I walked into the Doug Fir with very low expectations. I figured it would be at least an interesting show, but I’d only seen him play once before, with Joe Russo, in Harrisburg, PA and it was a really good night. He was playing a keyboard…well, playing might be a bit of an understatement. He was pounding away on the synthesizer/keys all night that evening as Russo was going crazy on the drums. Both guys were drinking pretty heavily and it was an extremely loose, weird, and high-energy show that lasted until the bar closed down. It was a great live show, but I figured not the sort of thing that would translate well onto a studio album. But I made a mental note to catch them again sometime.
Fast forward many years and I haven’t seen them play together again. I’ve seen Russo play with Furthur, but somehow always seemed to miss Benevento when he came through town. So when I heard he was playing the Doug Fir on a Tuesday night in Portland, I decided to attend. I searched his website and the venue’s website for details on an opening band and who else was in Marco’s band. While I never could get details on the openers, I discovered that the headliners would consist of Benevento on keyboard, Reed Mathis on bass, and Andrew Barr on drums. Now my interest was very much piqued as each of these guys is a monster in their own right.
I first saw Reed Mathis play with the Jacob Fred Jazz Odyssey years ago. I’ve seen him many times through the years at Fred shows, at festivals like High Sierra, and with his current main band, Tea Leaf Green. I’ve always loved his playing. He plays inventively, attentively, and creatively. I’ve seen him lay down incredibly technical jazz bass lines, slam it down with heavy rock-n-roll, and experiment heavily (I remember one night in Portland when he was using a toy ray gun as a slide/pick and the sound of the toy also could be heard through his bass pick ups). The same goes for Andrew Barr of The Slip. I’ve seen him around in various forms for years and years since I was in college in New England back in the early 90s. He is a staple of the scene for a reason – because he’s a damn good drummer. When I learned about this line-up, I was very excited for the show since it would basically showcase a Lil Jazzy Jamband Supergroup!
Marco played a full piano, but it was lined with effects pedals and there was both a laptop and a little keyboard that sat on top of it. He played mostly traditional piano, but added effects with the pedals and laptop here and there and switched over to the keyboard to add a more synthesized sound now and then. The music was great and different than what I had expected having seen him only play with Russo once before. Many tunes were slower and very beautiful with cascading piano raining down over the bass and drums. Usually, they worked themselves up into more animated jams by the end of each tune, too. The room was pretty full, but no where near sold out which made it very conducive to dancing. And the tunes were extremely danceable. It was hard not to dance when Reed really got into his playing as he was bouncing around with a huge smile plastered on his face as his red, shaggy hair hung down over his eyes and nose. Barr was rock solid on the drums and these guys played piece after piece of highly groovy, inventive, piano-based music.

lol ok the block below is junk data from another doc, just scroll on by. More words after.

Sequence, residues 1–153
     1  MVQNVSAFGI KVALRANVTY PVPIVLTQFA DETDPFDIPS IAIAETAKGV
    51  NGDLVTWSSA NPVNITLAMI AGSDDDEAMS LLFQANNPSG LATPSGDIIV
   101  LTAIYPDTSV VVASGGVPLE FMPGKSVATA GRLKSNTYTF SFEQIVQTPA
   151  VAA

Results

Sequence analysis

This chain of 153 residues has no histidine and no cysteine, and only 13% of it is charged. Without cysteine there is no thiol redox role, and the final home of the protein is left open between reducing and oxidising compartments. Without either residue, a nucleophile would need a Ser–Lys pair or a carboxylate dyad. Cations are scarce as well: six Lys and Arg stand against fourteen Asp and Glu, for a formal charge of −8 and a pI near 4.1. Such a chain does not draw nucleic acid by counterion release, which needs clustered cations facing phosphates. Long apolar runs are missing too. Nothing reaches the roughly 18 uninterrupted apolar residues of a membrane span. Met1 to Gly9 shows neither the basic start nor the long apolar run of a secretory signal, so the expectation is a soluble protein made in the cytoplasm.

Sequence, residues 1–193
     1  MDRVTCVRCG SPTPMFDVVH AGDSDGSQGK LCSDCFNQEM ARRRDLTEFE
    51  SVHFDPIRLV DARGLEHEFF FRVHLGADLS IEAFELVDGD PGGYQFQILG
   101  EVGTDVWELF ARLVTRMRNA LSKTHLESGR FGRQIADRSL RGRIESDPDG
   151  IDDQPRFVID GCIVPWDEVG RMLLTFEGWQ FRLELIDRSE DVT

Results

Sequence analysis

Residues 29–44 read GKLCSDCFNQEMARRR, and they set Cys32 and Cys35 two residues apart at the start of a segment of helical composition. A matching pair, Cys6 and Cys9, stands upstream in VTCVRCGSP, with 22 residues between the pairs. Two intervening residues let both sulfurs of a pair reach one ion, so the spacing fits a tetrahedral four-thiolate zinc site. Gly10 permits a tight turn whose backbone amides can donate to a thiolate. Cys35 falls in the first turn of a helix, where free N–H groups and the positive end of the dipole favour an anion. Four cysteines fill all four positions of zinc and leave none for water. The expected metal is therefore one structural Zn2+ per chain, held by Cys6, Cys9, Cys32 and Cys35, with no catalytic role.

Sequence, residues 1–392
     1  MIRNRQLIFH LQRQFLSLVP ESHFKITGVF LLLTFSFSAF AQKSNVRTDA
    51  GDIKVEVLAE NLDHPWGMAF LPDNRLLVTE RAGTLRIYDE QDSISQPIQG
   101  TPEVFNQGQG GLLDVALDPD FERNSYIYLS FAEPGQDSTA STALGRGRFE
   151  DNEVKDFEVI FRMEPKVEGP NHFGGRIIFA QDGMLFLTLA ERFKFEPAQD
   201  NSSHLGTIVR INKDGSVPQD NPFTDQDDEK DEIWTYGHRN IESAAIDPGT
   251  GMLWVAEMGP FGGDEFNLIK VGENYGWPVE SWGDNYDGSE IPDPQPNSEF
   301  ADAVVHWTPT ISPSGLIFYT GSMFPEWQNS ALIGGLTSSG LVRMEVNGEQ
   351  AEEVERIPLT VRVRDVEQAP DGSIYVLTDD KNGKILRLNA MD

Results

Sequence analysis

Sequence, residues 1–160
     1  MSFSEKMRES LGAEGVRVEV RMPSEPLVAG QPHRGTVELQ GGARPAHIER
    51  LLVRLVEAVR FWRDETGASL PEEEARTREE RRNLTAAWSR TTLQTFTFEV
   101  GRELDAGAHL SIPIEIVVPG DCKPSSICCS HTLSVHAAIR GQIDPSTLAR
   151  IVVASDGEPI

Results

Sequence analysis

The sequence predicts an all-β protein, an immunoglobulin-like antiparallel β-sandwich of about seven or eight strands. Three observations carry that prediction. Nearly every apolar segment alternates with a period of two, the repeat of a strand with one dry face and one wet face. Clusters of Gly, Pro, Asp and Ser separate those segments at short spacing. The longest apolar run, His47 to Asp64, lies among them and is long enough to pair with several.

The highlight of the show for me was near the end of the evening when they played Pink Floyd’s “Fearless” into Elton John’s “Benny and the Jets” and then thundered back into “Fearless.” It was a crazy instrumental mash-up that I would have thought would never work had I only heard about it. But the band nailed it and the segues were flawless. The crowd definitely recognized and appreciated these two cover tunes to finish off the evening as much as I did. As I was getting one last glass of water back by the bar before heading out, I bumped into Matt Butler of the Everyone Orchestra and chatted for a bit about his upcoming New Year’s gig in Seattle and show also coming up in Portland. I could only guess that he came down to see this little supergroup to try and do some recruiting for an Everyone Orchestra show. And who could blame him? Those guys were great!